The artist tells us why she couldn't resist picking up a discarded secret stash of torn apart porn and shares her musings on its mysterious previous owner
Back in 1989, American artist Lisa Anne Auerbach salvaged ripped up pornography found at the top of a car park in Chicago O’Hare’s Airport. Only now has she decided to use them in her work to create the series ‘Torn Porn’ where she’s blown up the raunchy magazine scraps into large scale prints. What’s interesting about Auerbach’s work is the ambiguity behind the series, who did they belong to? Why were they thrown away? And ripped up like they were? While it’s unlikely the artist and viewer will ever find out the whole truth about the origins of what Auerbach found, it becomes unimportant when seeing the power these images still have. The snippets of eroticism but also the glimpse into the past of this taboo pursuit with 80s-tinged hair and make-up making an appearance in these brief snapshots. Here Auerbach talks to us about who she’s imagined these pornographic remains belong to and the conflict between shame and desire that transpires when looking at these works.
Dazed Digital: What made you pick up the ripped up pornography when you found it back in 1989?
Lisa Anne Auerbach: How can anyone resist picking up a bunch of porn from piles of dirty snow? I was in a parking garage at the airport when I found the scraps. At the time I was a student studying photography. The scraps were super hot! When I saw them I thought about how much sexier the torn pictures were than any other complete images of this kind. I didn’t know what to do with them at the time, so I put them in a box and left them there for twenty years.
DD: What do you imagine about the owner of these pictures? Do you think they were discarded on purpose?
Lisa Anne Auerbach: They were definitely discarded on purpose. The violence with which they were torn apart suggests to me that the former owner of this publication really needed this magazine to disappear. My suspicion, though perhaps I’m delving into this too deeply, is that this reader was disgusted not with the imagery itself, but with his or her urge to look at these pictures. Perhaps they thought that by destroying the pictures, they would be able to also destroy their desire. But of course it doesn't work that way.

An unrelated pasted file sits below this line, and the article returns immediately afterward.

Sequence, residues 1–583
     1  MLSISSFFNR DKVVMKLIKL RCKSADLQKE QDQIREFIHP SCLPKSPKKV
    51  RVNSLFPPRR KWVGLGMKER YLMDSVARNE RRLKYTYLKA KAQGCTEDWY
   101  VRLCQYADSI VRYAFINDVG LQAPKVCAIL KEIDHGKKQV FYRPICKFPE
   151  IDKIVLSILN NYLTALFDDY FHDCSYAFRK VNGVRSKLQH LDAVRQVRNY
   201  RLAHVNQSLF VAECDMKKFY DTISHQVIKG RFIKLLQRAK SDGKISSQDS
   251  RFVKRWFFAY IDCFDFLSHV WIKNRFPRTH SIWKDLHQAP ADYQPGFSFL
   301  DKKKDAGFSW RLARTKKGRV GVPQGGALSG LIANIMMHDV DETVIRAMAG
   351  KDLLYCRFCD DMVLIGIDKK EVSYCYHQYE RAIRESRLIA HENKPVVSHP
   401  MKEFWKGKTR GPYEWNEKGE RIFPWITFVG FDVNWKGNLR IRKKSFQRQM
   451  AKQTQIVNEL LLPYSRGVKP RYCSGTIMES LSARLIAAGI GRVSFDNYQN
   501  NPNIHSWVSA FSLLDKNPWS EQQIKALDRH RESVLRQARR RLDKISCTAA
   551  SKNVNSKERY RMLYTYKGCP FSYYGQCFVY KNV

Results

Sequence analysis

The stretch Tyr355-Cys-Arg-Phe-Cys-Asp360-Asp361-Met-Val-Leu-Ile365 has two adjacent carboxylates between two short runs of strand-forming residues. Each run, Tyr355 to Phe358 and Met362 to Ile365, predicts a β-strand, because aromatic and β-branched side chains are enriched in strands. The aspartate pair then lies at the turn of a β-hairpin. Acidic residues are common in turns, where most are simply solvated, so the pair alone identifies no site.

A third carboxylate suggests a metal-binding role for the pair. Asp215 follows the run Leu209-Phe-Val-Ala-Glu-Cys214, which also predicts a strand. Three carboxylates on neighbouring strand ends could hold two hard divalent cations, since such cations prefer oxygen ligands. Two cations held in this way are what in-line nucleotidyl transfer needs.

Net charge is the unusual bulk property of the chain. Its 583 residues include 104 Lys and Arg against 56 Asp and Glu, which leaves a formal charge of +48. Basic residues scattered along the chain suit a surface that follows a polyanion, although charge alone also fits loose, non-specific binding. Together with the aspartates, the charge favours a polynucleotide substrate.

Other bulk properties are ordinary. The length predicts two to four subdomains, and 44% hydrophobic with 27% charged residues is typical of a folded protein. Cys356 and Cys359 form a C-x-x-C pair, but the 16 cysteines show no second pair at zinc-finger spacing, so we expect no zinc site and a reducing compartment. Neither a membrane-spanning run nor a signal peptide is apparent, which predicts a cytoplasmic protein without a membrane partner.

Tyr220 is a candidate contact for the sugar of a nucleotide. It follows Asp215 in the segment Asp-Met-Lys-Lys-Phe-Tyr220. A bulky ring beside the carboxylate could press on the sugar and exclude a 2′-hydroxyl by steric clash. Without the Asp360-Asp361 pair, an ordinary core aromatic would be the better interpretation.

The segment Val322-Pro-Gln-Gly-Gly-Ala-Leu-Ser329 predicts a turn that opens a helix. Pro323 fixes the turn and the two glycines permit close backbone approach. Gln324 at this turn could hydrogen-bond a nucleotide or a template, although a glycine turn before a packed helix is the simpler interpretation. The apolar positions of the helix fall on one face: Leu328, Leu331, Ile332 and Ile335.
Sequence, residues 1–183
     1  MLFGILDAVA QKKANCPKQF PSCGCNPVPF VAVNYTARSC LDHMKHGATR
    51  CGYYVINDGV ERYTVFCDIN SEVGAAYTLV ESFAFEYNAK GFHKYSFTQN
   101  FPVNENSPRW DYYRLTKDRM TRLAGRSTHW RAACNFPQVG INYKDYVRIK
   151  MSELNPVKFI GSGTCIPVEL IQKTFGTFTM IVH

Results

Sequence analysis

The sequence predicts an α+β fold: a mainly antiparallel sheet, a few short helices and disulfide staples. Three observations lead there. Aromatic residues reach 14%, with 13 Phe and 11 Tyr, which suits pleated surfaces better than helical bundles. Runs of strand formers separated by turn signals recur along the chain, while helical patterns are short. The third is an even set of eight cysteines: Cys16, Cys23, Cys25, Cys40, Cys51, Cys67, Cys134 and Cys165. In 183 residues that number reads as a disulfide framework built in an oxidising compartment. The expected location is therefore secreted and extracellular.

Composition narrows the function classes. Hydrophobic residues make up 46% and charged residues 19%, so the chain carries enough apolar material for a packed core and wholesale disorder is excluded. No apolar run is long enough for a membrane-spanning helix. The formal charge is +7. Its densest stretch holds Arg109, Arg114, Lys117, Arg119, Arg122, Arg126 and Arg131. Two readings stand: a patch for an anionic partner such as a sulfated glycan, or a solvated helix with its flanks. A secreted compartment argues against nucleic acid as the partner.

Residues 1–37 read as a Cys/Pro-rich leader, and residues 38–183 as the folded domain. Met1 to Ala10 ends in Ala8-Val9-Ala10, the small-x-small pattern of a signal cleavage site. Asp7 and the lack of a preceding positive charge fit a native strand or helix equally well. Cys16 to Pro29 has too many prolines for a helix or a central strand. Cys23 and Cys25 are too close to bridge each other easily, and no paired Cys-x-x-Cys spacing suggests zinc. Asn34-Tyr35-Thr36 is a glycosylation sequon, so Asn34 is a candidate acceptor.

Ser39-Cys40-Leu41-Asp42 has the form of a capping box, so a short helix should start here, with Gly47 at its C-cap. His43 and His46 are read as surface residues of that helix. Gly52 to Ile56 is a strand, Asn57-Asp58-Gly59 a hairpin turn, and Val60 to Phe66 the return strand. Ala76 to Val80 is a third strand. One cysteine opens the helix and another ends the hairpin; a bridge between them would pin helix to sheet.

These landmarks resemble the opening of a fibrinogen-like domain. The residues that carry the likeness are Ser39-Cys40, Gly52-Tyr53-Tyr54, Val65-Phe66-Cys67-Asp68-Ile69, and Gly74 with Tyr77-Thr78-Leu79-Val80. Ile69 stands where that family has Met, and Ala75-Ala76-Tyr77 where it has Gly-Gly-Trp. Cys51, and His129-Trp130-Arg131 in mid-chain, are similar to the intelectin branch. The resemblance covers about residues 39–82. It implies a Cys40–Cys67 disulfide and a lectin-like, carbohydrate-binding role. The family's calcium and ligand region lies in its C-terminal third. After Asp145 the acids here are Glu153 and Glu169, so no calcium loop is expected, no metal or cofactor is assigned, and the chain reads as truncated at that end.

I’m interested in the friction between shame and desire and what might spring from this internal conflict, both culturally, politically, and personally. In this case, instead of getting rid of this magazine, something new and amazing was created. I don't think they meant to spread it around the garage and into the nearby snowdrifts though. I blame a gust of wind for the distribution. I think about this person a lot when I look at the scraps. In some ways, the Torn Porn series is a tribute to them.
DD: How does the porn you found compare to the porn available today? Is there a difference?
Lisa Anne Auerbach: In the pre-internet days, every fetish you could think of had its own magazine. Now you can see everything online. I don't think the market is big enough to sustain a lot of printed bondage mags. I went to Circus of Books in Los Angeles the other day to look for some contemporary bondage mags and I didn’t find anything. That place used to have every porn mag imaginable, so I'm guessing if they don't have them, they aren't as common, or maybe they don't even exist.
I don't really look at online bondage porn, so I don't know how it compares to the magazines from the late eighties. I’m really attracted to the printed magazines. I like the finite quality of a publication in contrast to the way porn is presented online. With websites, you can always click and click and click to find something new, but with a magazine, you’re stuck with what’s in the pages.
DD: When collated like this and enlarged, what do you think they convey?
Lisa Anne Auerbach: Enlarging the images emphasizes both the formal qualities of the pictures and the physicality of the ink and paper. The paper is thick and a bit rough, weathered and worn. I like seeing the texture of the paper, the fibres on the edges of the tear, and the dot pattern of the ink.
DD: What projects are you working on at the moment?
Lisa Anne Auerbach: I’m designing some sweaters for staff of the Malmö Konsthall in Malmö, Sweden, working on a uniform project with the guards at the Hammer Museum in Los Angeles, making a series of photographs of myself in my underwear reading bondage magazines, and knitting resolutions and ideas into banners. I’m also learning to spin wool. I want to make a sweater out of the fleece of a black sheep.